We recently spent a weekend in the seaside town of Bournemouth. Geographically, it’s on the south coast, west of the epicenter of holidays, Brighton. My British colleagues describe Bournemouth as a typical seaside town, one that comes alive in the summer months as visitors descend on the pier, eating ice cream, lounging on the sand beach, and daring to venture into the frigid water which never really warms up.
We kind of love these seaside havens, which are like relics of a time gone by. The carousel could be 50 years old, the pier most definitely predates that, and the flashy arcades and game rooms still boast a game or two that are decidedly old school.
For this visit, we brought Basil with us, to broaden his doggie horizons, and save us arranging for a dog sitter. We spent the better part of a day driving out to Old Harry Rocks, chalk formations that are the easterly point of the ‘Jurassic Coast’ and also a UNESCO World Heritage Site.
They are stunning, as expected, and the walk there was easy enough for all of us to enjoy. Basil slowed down considerably for the walk back to the car, thanks to his general old age and tight hips, but he loved every second of it. And then he slept for the better part of two days.
The word ‘Jurassic’ brings specific, ahem, films and books to our minds immediately, so we came up with a fun game to play next time you’re hiking: what dinosaur would you most like to see alive in person? I vote for stegosaurus, and Drew would prefer a brontosaurus. If the dinosaurs were friendly, and in my imagination they are, I would like to slide down the back of the bronto and into a pool. A pool full of JELLO.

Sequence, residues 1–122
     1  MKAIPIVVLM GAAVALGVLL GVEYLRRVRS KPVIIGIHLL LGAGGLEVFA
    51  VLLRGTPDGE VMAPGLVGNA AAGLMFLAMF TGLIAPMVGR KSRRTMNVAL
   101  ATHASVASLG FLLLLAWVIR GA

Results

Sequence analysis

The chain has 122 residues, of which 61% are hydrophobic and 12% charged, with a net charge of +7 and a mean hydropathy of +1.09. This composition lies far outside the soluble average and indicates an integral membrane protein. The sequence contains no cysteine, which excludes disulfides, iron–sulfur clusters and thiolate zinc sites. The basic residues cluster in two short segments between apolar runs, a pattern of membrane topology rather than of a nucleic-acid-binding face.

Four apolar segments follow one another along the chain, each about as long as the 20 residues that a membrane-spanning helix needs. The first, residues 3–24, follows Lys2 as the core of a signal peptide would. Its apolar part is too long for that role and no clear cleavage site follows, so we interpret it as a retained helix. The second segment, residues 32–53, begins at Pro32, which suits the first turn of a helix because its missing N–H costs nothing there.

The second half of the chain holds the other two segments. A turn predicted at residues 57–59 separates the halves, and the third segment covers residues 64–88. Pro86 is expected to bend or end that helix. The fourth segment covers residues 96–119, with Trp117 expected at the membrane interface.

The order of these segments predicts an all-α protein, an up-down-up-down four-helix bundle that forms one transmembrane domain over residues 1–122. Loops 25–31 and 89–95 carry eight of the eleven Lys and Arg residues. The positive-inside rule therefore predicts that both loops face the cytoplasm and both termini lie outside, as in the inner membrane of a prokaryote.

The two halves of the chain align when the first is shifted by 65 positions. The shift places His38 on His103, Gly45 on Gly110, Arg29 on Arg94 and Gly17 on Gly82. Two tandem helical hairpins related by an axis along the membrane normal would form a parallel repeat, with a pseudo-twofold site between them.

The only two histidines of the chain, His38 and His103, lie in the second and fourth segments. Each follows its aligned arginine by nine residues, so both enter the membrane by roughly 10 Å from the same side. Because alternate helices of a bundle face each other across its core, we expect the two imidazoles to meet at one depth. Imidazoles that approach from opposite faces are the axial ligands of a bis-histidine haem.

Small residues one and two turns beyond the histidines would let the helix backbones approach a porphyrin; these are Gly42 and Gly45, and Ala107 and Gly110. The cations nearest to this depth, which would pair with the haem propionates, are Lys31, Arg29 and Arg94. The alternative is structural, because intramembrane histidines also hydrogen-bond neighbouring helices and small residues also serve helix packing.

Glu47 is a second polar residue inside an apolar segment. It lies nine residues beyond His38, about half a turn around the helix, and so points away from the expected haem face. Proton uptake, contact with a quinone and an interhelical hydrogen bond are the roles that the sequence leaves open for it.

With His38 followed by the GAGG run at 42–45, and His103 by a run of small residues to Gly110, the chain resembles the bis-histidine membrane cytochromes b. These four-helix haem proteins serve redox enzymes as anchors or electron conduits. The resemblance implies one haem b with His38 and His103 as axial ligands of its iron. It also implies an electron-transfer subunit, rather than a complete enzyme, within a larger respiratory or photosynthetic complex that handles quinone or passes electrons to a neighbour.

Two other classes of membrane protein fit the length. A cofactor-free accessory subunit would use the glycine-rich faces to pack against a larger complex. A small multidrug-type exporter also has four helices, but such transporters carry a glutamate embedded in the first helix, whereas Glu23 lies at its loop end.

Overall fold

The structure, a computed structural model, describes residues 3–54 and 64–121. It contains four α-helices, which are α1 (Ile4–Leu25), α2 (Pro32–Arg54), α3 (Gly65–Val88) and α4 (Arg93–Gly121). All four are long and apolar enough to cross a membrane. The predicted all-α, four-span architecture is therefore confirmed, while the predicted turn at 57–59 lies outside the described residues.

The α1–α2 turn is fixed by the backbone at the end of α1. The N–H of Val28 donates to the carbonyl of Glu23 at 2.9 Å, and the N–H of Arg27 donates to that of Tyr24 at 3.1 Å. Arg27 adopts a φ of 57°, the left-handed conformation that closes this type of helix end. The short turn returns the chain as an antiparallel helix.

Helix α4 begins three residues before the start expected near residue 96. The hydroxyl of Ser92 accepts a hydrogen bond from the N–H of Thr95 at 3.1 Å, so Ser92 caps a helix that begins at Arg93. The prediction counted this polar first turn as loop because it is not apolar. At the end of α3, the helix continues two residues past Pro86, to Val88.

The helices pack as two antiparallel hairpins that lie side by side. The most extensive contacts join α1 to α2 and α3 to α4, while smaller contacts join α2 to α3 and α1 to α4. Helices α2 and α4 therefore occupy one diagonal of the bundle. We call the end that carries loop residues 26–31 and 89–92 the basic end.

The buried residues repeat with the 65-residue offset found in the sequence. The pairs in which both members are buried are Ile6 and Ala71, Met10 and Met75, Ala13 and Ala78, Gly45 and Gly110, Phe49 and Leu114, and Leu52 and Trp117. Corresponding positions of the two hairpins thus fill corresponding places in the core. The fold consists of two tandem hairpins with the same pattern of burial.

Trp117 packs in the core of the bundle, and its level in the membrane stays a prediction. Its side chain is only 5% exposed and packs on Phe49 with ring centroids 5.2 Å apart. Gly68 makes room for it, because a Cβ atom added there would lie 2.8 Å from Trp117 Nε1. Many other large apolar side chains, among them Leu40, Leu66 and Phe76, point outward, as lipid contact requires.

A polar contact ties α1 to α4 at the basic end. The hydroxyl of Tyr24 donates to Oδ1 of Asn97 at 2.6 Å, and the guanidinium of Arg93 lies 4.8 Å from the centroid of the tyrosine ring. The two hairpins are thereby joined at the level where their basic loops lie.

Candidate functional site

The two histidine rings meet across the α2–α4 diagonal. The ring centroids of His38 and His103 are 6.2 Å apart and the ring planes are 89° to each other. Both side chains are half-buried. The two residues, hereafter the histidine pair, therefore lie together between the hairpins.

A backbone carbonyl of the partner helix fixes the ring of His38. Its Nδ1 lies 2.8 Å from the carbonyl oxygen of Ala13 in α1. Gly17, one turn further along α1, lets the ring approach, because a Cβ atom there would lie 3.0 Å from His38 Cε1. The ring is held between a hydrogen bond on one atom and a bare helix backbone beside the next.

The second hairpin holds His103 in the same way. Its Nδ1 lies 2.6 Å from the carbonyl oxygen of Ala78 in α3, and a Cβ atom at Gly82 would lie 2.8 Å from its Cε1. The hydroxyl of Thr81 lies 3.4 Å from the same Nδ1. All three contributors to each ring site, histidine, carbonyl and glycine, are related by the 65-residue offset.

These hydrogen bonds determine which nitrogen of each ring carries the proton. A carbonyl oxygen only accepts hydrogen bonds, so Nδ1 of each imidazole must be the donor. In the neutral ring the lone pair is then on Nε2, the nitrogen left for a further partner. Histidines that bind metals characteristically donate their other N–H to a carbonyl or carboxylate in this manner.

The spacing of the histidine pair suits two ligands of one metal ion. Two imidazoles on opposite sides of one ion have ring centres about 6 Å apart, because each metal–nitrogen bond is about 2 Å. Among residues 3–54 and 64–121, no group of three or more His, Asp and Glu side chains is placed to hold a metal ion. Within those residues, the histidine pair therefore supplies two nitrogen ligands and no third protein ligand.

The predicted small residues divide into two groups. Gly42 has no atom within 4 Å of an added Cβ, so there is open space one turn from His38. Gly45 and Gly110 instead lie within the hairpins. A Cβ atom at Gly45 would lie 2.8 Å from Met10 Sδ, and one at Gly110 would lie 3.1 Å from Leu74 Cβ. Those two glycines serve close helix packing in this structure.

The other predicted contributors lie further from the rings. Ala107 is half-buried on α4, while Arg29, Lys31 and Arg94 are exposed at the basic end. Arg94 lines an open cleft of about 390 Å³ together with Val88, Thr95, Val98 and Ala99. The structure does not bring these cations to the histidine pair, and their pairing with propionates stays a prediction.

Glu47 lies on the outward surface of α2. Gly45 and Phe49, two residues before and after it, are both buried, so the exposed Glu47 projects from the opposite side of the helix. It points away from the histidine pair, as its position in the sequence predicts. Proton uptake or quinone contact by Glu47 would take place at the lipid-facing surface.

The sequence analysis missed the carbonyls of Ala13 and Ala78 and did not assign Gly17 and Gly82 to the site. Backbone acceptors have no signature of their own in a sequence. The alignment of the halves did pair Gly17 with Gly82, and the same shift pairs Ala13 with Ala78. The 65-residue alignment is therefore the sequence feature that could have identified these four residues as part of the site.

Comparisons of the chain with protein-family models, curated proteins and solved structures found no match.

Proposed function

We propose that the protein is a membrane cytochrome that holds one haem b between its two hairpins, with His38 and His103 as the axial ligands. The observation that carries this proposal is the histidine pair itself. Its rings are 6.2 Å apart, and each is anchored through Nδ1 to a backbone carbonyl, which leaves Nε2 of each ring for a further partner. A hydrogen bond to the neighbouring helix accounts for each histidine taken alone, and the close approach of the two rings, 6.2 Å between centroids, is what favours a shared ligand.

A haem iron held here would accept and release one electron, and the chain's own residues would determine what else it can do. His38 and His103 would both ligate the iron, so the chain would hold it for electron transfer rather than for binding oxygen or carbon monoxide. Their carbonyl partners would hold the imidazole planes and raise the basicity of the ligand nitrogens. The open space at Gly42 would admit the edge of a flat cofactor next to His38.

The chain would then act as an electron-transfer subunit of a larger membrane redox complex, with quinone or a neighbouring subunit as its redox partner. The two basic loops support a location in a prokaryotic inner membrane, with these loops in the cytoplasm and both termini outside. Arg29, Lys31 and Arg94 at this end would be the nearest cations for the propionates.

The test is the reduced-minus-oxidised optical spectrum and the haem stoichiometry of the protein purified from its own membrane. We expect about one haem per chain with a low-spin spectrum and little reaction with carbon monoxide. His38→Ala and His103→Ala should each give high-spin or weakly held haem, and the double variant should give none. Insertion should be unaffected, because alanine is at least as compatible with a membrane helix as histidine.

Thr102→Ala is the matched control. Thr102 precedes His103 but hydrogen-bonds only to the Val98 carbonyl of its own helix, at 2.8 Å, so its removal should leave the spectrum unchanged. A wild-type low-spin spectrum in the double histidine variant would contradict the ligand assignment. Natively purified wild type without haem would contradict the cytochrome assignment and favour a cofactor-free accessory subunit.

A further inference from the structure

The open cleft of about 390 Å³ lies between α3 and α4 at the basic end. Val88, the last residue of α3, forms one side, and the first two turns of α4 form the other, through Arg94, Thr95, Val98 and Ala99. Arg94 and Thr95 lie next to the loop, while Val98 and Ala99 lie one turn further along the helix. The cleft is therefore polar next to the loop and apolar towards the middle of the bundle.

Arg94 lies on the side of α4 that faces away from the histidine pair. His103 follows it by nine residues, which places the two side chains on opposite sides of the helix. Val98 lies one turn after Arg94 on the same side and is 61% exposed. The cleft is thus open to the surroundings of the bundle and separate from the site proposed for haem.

Ok, imagination time, done.
Another highlight of our weekend was spending time walking the beach. There’s nothing like the ocean (or the English Channel) to put life into perspective. Oh, right, we’re not the center of the universe and there are forces greater than ourselves. Et cetera. I’ve been reading a lot recently about the importance of being outside in nature as a way to regroup and reconnect, so an empty beach is right up my alley.
One of the reasons for our weekend away was a birthday dinner for a London friend. Why do we have such trouble aligning our schedules that it’s easier to just meet for dinner in Bournemouth than in town? But it’s totally true! We had a lovely, lingering dinner overlooking the water and spent several blissful hours just yammering with friends.
We were so busy talking that I didn’t even think to take a single picture.
We really cherish these weekends out of London. There’s something to be said for just shifting the scenery to make everyday life a little more exciting. One night we had dinner in a local pub that bore a striking resemblance to a pub near our house. But this one was new to us, and had the word ‘Tricycle’ in the name and was therefore, much more fun.
There is also a big benefit in exchanging city life for country life, even if just for 48 hours. It’s refreshing and usually a little more quiet, and life moves just a little slower. We’re already planning our next weekend (or two!) away for the year, and I’m already looking forward to a walk on a beach and a tired beagle.